116911 - Management of red cell antibodies in pregnancy
- : Online
This free online learning module includes 15 clinical questions and immediate feedback is provided. There is also an original peer reviewed article written for GPs on management of red cell antibodies in pregnancy.
Relevance to General Practice
- About 1% of pregnant women carry a red cell antibody that has the potential to destroy fetal red blood cells and cause fetal anaemia (alloimmunisation).
- Alloimmunised pregnant women whose antibody levels exceed a certain critical threshold are at high risk of their baby developing fetal anaemia and warrant prompt referral to a maternal–fetal medicine specialist.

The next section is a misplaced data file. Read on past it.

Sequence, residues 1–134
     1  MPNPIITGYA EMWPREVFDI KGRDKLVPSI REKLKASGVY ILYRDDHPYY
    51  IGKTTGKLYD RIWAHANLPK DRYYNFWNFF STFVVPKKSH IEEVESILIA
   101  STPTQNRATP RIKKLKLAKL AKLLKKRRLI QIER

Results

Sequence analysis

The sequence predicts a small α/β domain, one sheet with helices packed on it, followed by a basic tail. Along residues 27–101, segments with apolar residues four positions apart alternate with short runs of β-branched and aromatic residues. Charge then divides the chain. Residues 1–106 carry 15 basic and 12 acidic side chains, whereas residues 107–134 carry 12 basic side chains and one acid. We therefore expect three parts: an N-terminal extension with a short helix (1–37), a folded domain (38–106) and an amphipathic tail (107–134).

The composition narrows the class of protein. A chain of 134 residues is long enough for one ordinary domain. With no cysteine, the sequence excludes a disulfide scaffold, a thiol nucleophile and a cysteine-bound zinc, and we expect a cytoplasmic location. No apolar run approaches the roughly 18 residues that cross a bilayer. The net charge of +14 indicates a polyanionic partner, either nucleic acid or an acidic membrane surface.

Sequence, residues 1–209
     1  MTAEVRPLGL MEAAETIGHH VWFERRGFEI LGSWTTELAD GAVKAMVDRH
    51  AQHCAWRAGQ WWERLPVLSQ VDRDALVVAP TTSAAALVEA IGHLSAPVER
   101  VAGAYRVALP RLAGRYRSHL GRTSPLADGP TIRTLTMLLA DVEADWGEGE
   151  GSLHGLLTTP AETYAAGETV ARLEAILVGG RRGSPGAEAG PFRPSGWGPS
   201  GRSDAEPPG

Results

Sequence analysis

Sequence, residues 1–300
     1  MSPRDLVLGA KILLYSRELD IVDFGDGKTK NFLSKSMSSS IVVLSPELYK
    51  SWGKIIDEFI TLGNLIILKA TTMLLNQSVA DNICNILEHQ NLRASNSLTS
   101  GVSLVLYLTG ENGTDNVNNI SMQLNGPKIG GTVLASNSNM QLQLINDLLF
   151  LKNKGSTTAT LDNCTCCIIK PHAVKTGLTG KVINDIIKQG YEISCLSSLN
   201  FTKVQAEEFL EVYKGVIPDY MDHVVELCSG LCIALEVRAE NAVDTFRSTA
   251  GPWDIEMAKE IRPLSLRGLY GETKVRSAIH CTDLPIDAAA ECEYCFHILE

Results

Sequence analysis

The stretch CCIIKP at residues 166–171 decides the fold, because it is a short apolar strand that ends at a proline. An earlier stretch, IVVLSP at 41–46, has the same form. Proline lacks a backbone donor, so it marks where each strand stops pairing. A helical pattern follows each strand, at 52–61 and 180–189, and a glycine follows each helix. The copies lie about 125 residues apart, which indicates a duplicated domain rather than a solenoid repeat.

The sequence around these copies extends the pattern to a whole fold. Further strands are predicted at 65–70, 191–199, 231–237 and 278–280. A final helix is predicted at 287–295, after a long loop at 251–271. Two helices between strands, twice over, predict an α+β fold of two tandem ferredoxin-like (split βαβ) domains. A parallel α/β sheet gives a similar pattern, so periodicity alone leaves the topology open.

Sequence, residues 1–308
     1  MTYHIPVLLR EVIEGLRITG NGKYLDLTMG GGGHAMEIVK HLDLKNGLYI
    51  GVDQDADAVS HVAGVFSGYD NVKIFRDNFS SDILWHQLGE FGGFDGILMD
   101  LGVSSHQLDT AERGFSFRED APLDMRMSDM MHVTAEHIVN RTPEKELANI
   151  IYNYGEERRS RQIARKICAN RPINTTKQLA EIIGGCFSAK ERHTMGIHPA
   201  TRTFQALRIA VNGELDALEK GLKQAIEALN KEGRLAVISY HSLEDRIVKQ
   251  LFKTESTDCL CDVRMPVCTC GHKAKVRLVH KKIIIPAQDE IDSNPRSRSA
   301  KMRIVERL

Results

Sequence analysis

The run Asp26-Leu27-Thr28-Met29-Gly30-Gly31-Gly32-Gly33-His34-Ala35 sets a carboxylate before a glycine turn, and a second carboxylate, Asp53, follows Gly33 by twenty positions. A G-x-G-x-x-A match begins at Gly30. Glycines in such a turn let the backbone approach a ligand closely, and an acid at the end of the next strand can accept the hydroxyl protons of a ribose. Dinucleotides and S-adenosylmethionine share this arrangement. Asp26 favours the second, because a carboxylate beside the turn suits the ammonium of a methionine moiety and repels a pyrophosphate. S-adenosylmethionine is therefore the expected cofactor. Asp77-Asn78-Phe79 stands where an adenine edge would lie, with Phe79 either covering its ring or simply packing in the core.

- In Australia it is recommended that all pregnant women have a blood group and antibody screen performed early in pregnancy to look for red cell antibodies.
- A fetus that becomes anaemic before 34 weeks’ gestation may require a life-saving in utero fetal transfusion.
- After birth, babies are at increased risk of anaemia and jaundice, which are the neonatal effects of haemolysis.
- Know when and how to test a pregnant woman and her partner for extended blood typing
- Describe the process of alloimmunisation and its effects on the fetus and newborn
- Manage a patient who is Rhesus negative or has anti-c antibodies
- Support patients who have to travel to receive specialist care in pregnancy